The daugh­ter of an of­fi­cer in the Egyp­tian Royal Cavalry, her fa­ther later be­came a cham­pion eques­trian who par­tic­i­pated in four Olympic Games. Each sum­mer, her par­ents trav­elled to Europe, where her fa­ther would com­pete as one of the top 10 rid­ers in the world. They would re­turn to Cairo three months later, dur­ing which her mother would have placed or­ders at the Paris cou­ture houses. Pulling out a folder, Yildiz re­veals re­ceipts from Jean Pa­tou and Jac­ques Fath, as well as pho­tographs of her mother ele­gantly dressed in 1940s and ’50s Cairo. Over the past year she’s also been slowly col­lect­ing in­for­ma­tion and arte­facts from other fam­i­lies in Le­banon and Egypt with sim­i­lar his­to­ries and sto­ries.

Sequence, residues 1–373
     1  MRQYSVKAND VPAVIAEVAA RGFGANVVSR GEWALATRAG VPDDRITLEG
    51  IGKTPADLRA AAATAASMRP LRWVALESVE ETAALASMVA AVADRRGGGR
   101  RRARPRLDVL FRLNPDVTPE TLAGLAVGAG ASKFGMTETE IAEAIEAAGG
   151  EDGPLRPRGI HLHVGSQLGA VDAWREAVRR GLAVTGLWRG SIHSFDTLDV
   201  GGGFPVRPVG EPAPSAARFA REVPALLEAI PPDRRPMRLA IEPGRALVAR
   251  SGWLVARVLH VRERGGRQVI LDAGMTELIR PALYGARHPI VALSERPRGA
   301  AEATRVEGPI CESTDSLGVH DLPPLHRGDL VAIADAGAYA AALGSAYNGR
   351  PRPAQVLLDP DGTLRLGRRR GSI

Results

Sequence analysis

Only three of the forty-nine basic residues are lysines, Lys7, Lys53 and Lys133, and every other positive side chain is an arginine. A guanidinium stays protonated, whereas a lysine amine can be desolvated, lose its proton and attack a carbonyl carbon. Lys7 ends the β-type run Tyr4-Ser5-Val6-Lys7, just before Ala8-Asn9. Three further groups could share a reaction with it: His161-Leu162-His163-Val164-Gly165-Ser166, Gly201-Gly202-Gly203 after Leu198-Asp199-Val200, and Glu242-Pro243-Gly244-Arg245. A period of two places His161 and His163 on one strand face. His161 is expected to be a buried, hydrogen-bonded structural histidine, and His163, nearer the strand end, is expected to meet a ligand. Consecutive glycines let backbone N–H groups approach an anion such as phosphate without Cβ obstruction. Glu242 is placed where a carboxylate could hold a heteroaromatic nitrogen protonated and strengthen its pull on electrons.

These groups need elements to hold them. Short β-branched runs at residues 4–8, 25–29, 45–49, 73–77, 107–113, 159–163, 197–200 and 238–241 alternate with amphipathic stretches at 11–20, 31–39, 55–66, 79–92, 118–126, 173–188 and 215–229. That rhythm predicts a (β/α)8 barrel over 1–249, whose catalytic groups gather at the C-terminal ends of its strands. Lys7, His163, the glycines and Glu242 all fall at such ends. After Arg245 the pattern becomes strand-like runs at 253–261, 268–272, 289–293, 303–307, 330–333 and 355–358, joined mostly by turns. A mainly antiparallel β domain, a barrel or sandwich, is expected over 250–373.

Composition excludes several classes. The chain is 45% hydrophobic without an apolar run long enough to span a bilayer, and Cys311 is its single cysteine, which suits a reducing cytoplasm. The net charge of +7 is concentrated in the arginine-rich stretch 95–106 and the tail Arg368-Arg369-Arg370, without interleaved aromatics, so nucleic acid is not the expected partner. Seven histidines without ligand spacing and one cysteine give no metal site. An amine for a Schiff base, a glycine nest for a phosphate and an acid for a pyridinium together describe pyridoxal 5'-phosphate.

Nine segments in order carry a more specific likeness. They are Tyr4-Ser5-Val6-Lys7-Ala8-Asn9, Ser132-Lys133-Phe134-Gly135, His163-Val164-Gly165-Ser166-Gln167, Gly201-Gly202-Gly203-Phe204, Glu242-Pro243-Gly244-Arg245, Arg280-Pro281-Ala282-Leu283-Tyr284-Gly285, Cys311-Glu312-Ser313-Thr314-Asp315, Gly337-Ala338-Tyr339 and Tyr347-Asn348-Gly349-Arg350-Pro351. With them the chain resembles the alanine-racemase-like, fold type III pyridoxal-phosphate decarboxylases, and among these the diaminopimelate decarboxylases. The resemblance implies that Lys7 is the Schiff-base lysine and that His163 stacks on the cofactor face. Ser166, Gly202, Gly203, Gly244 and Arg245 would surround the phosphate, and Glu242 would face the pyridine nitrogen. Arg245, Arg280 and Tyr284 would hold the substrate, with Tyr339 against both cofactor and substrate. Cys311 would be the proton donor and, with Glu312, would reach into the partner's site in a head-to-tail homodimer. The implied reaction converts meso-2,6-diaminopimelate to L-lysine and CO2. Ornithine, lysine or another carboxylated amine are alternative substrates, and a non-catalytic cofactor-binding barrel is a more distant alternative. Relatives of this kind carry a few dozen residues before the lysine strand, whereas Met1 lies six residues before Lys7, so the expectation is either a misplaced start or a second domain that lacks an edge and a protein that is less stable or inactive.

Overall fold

“Dig a lit­tle deeper and one will find that these aren’t just clothes, re­ceipts and pho­tographs. To­gether with the oral his­to­ries of those who are still alive to re­mem­ber that pe­riod, they paint a so­cial his­tory of the re­gion that’s linked to anti-colo­nial move­ments, fem­i­nism, glob­al­ism and mo­bil­ity,” says the re­searcher, not­ing that all too of­ten the Mid­dle East is left out of mod­ern his­tory books, un­less pre­sented in the con­text of oil or war. “Though they be­long to a rar­i­fied cir­cle, these arte­facts point to in­di­vid­u­als who were also very much en­gaged in the re­gion’s strug­gles for in­de­pen­dence and na­tion build­ing.”